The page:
Trump took these loosely aligned outliers and let them know “I hear you.” It electrified them. They conglomerated in subreddits and chat rooms, made racist memes, which he occasionally retweeted, and rejoiced to be let out of the dank corners where they’d been increasingly relegated since the Civil Rights movement.
Just this past weekend, they held an event for one of their legitimate-sounding organizations, the National Policy Institute, whose states purpose is to be, according to them, “an independent organization dedicated to the heritage, identity, and future of people of European descent in the United States, and around the world.”
What’s wrong with that, you ask? African American, Muslim, and Latino groups meet to uphold their heritage and identity all the time. Why shouldn’t white people? Well, the fact is that you can’t extricate a statement like that from its history. African American people never enslaved white people here. Muslims haven’t labeled white people terrorists. Unfortunately, people of European descent have done a lot of damage in the name of their heritage and identity and, being a majority in this country, don’t have the same needs for safe spaces. America IS their safe space. Muslims, Asian-Americans and descendants of slaves, among others, have simply been asking for an equal seat at the table.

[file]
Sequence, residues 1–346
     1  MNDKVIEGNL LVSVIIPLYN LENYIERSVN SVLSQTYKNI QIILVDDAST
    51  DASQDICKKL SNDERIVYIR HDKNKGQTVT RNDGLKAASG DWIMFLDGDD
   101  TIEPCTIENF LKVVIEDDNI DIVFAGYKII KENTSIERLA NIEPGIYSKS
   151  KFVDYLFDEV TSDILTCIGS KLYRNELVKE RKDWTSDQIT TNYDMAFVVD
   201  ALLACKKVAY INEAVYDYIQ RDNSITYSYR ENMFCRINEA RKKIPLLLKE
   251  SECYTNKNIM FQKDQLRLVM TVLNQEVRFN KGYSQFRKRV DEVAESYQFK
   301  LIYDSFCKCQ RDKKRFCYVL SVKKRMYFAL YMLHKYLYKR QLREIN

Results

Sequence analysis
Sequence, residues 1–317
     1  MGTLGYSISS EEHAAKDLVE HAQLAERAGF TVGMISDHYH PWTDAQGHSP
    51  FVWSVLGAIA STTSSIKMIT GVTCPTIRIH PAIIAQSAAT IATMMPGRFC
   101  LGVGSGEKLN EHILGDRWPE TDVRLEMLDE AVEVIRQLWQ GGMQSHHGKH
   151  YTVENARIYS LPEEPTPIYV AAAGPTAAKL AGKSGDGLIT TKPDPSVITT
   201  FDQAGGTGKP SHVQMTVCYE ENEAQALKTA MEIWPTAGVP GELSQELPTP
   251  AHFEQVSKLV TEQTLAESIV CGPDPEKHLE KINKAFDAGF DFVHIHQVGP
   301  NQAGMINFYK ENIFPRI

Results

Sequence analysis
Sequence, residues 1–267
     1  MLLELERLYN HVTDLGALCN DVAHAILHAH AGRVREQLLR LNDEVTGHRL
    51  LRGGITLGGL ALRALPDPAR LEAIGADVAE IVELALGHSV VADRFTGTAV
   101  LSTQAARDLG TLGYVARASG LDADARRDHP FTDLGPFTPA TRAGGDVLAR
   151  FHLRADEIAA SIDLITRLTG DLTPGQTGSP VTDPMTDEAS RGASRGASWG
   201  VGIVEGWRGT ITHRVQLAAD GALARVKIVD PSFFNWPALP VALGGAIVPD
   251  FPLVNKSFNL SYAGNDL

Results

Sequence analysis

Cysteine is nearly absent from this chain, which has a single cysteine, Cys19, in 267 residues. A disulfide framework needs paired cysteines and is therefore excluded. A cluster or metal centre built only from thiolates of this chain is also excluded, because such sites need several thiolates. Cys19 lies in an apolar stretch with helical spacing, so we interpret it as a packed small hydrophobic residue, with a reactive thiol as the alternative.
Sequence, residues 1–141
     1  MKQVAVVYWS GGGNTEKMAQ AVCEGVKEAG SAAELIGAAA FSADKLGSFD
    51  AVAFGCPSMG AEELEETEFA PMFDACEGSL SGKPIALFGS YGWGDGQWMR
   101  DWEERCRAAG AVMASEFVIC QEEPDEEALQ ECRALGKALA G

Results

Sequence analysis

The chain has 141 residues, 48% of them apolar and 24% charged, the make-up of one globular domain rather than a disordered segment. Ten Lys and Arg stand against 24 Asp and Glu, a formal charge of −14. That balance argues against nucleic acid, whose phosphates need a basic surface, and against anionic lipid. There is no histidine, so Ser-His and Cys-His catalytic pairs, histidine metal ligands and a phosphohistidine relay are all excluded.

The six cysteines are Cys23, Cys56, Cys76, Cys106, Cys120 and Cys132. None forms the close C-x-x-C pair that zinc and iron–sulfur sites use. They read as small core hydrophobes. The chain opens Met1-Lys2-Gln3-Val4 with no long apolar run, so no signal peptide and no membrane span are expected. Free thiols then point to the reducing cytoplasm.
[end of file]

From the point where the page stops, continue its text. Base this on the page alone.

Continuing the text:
But, in case it’s still unclear why these groups are a danger, here are some quotes from the speech their president (and coiner of the term “alt right”) gave at their conference this weekend:
“To be white is to be a striver, a crusader, an explorer and a conqueror. We build, we produce, we go upward.”
Why this is problematic: Labeling white people “strivers and conquerors” (and being blissfully unaware or deliberately obtuse about the negative connotations of “crusaders”), suggests that only white people have been this. Additionally, it also ignores the many negative consequences of this “striving and conquering” on others, particularly people of color. It ignores the consequences of imperialism, the genocides and disease-spreading, the destruction of social structures and the slavery. But you know… strivers.